Here Beaumont and Reflection worked together to create an album that would showcase his music as he intended it to be, mixing piano-based and guitar-based arrangements in a unique way.
RL303 "Reflection on Hymns of our Time"
One of Reflection's prime goals was to make widely accessible the tremendous range of new worship material that was emerging throughout the Christian world. It was a time of explosive change, particularly in the realm of music.
Sadly, such recordings as were then available were generally indifferent in quality, and the published music rarely gave a true indication of the vibrancy of the music.
Reflection's musicians and singers put that right by identifying sixteen of the very best new hymns and show-casing them in the dynamic yet practical arrangements they were using themselves in worship situations.
Christmas music can be pure saccharin, even when totally up to date in terms of music. Reflection determined to create a Christmas album that was different, and "Nativity" was the result.
This isn't a rejection of mystery and wonder, but is earthed in the reality of life rather than indulging in sentimental escapism.
RL305 "A Folk Passion"
"Folk" is perhaps something of a misnomer - you don't normally expect to hear the thunder of a church organ mingling with electric guitars and drums!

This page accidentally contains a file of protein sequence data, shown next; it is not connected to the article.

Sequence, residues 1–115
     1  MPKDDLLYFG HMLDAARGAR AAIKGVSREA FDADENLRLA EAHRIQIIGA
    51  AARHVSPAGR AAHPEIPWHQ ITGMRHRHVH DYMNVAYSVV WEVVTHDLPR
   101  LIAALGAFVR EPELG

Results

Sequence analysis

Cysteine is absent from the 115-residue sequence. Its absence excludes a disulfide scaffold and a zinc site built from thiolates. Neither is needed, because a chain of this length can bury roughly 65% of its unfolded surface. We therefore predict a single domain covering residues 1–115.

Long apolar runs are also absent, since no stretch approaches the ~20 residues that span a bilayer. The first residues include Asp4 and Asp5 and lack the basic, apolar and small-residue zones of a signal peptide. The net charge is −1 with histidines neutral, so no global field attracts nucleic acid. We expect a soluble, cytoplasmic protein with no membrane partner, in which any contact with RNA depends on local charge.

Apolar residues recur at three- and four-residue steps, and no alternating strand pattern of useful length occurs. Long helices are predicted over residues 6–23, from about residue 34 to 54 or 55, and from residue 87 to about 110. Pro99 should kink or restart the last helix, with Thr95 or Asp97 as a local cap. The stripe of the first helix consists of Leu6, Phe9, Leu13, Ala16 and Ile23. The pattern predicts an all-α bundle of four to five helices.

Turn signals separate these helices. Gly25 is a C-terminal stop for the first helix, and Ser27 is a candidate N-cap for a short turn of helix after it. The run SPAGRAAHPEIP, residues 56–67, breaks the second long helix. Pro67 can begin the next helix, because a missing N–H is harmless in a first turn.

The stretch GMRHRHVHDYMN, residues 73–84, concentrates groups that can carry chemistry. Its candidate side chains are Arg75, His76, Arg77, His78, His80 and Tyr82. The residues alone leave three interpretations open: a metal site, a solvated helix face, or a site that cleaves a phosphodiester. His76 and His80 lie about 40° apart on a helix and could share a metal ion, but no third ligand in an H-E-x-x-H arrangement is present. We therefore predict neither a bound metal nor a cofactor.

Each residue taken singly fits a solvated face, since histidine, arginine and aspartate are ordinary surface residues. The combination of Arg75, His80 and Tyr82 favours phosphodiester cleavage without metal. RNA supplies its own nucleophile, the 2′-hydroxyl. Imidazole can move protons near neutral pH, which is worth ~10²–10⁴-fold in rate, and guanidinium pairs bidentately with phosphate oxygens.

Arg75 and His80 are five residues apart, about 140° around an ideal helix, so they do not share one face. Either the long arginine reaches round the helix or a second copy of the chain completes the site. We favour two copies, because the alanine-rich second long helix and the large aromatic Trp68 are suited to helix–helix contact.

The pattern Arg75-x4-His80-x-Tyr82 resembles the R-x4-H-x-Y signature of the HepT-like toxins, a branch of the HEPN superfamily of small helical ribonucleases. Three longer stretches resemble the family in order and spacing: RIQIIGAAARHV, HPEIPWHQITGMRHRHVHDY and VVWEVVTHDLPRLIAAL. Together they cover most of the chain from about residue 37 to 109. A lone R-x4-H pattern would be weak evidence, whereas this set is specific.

However, John Lockley's inspired fusion of the traditional and the new received wide acclaim in performances by "Twentieth Century" throughout the UK, and Reflection felt it warranted much wider availability.
RL306 "Lonesome Stone"
"Lonesome Stone" marked yet another new development for Reflection Records. A Christian Rock Musical brought over from California and with a storyline set in San Francisco, it aimed to speak to those for whom the message of "freedom and instant love" was turning sour.
Featuring the influential Christian group, "The Sheep", it was premiered at London's Rainbow Theatre and later toured the UK and Europe. Reflection was delighted to be asked to produce and distribute the original soundtrack recording, as well as producing a promotional film.
RL307 "Hosanna - A Portrait of Jesus"
In expanding the frontiers of Christian worship, Reflection wanted to explore more deeply the possible fusion of worship and theatre. "Hosanna - A Portrait Of Jesus" was the result.
Conceived as a large theatrical experience, "Hosanna" was designed to involve the audience/congregation fully in the unfolding exploration of the person of Jesus, with an important role in both music and drama, alongside the actors, musicians and a specially-formed new large choir, "Charisma".
The experiment worked so well that an edited version of the live recording became Reflection's next album.
RL308 "Here Is Youth Praise"
Charisma and Friends
It's hard to believe now, but evangelical Christians were initially deeply suspicious of the use of guitar-based music in worship. "Youth Praise" was the amazingly successful songbook that catalysed the change in the UK, and the Church Pastoral Aid Society (its publishers) decided to celebrate its follow-up "Youth Praise II" with a recording. Finding that the initial tracks (recorded with session musicians and singers) lacked devotional feel, they approached Reflection for ideas.